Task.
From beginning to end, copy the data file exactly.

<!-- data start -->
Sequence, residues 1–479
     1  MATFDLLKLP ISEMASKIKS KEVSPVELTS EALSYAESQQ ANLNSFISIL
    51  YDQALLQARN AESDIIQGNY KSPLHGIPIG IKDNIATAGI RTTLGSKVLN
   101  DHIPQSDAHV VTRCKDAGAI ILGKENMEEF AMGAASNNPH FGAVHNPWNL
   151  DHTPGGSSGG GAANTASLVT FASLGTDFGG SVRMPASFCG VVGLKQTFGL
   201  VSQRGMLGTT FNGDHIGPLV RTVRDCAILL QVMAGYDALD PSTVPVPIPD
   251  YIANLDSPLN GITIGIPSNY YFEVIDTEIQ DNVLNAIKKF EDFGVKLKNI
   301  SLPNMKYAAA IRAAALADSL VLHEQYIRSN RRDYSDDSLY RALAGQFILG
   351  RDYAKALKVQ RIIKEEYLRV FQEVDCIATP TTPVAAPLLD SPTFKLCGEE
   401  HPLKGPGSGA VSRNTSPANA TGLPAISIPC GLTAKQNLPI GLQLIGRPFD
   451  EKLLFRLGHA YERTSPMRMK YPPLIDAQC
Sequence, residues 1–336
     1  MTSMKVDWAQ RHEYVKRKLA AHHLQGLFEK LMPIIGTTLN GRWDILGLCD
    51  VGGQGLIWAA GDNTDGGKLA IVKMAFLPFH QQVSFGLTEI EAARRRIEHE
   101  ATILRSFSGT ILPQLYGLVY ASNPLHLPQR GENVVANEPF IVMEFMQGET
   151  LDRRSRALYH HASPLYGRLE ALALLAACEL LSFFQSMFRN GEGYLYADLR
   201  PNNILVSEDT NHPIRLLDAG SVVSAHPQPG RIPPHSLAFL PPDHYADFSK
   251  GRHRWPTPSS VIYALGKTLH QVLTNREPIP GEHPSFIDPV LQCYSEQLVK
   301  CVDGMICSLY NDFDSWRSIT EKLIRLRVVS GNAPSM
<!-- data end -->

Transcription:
Sequence, residues 1–479
     1  MATFDLLKLP ISEMASKIKS KEVSPVELTS EALSYAESQQ ANLNSFISIL
    51  YDQALLQARN AESDIIQGNY KSPLHGIPIG IKDNIATAGI RTTLGSKVLN
   101  DHIPQSDAHV VTRCKDAGAI ILGKENMEEF AMGAASNNPH FGAVHNPWNL
   151  DHTPGGSSGG GAANTASLVT FASLGTDFGG SVRMPASFCG VVGLKQTFGL
   201  VSQRGMLGTT FNGDHIGPLV RTVRDCAILL QVMAGYDALD PSTVPVPIPD
   251  YIANLDSPLN GITIGIPSNY YFEVIDTEIQ DNVLNAIKKF EDFGVKLKNI
   301  SLPNMKYAAA IRAAALADSL VLHEQYIRSN RRDYSDDSLY RALAGQFILG
   351  RDYAKALKVQ RIIKEEYLRV FQEVDCIATP TTPVAAPLLD SPTFKLCGEE
   401  HPLKGPGSGA VSRNTSPANA TGLPAISIPC GLTAKQNLPI GLQLIGRPFD
   451  EKLLFRLGHA YERTSPMRMK YPPLIDAQC
Sequence, residues 1–336
     1  MTSMKVDWAQ RHEYVKRKLA AHHLQGLFEK LMPIIGTTLN GRWDILGLCD
    51  VGGQGLIWAA GDNTDGGKLA IVKMAFLPFH QQVSFGLTEI EAARRRIEHE
   101  ATILRSFSGT ILPQLYGLVY ASNPLHLPQR GENVVANEPF IVMEFMQGET
   151  LDRRSRALYH HASPLYGRLE ALALLAACEL LSFFQSMFRN GEGYLYADLR
   201  PNNILVSEDT NHPIRLLDAG SVVSAHPQPG RIPPHSLAFL PPDHYADFSK
   251  GRHRWPTPSS VIYALGKTLH QVLTNREPIP GEHPSFIDPV LQCYSEQLVK
   301  CVDGMICSLY NDFDSWRSIT EKLIRLRVVS GNAPSM